For each of the

For each of the past two winters it has snowed at least 36 feet. Feet, not inches. The building is called Begich Towers, a 14-story monolith and a model of drab Army efficiency, rising like an urban transplant amid the town's rail-yard waterfront. City Hall, the Country Store, the U.S. Post Office and Cabin Fever Cures, a combination video store and tanning salon, all sit on the first floor. The tunnel has long been Whittier's lifeline to the rest of the world. In winter, when the ferry service isn't running, a train ride through the two-mile tunnel under a mountain is the sole avenue of access. It runs four days a week, with a single passenger car and a series of flat cars; folks sit in their cars and trucks for the slow ride through the tunnel, then about 10 more slow miles out to the Seward Highway.Foul weather, a fortress of a building and a tunnel. That's this town.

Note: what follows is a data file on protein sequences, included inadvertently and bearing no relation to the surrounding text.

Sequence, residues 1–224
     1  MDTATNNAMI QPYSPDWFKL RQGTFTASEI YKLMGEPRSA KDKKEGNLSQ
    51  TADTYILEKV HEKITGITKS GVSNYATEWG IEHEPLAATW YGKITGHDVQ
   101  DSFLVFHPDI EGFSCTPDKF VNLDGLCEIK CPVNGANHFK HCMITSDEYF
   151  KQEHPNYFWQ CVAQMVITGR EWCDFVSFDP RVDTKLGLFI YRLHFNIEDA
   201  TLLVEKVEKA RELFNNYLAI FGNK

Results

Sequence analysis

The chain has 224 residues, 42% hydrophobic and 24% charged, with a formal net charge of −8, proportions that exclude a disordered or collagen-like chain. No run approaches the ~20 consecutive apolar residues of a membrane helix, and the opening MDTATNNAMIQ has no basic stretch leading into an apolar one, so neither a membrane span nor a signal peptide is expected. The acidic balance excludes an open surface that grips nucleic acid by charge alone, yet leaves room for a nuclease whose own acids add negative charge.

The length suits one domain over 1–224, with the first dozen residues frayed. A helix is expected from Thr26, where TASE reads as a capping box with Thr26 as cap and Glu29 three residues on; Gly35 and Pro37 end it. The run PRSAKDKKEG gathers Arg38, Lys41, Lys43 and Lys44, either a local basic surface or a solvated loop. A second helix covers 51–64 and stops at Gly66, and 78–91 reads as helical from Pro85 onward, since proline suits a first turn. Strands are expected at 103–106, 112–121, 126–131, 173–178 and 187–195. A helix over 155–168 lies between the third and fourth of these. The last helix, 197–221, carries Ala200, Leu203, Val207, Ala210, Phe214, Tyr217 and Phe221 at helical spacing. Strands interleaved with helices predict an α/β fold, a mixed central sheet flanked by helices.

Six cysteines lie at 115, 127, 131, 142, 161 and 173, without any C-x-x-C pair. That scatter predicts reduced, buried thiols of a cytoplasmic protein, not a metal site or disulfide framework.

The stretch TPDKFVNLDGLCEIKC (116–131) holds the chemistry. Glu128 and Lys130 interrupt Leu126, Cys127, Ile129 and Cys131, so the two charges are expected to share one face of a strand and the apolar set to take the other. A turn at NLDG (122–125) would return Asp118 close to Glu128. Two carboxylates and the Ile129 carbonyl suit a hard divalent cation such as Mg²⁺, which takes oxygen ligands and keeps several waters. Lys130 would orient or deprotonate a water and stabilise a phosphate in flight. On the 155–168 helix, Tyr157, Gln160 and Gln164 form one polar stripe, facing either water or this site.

The imminent opening of the Anton Anderson Memorial Tunnel to automotive traffic will expose Whittier Alaska, population 250, to 1,500,000 tourists in the coming years.
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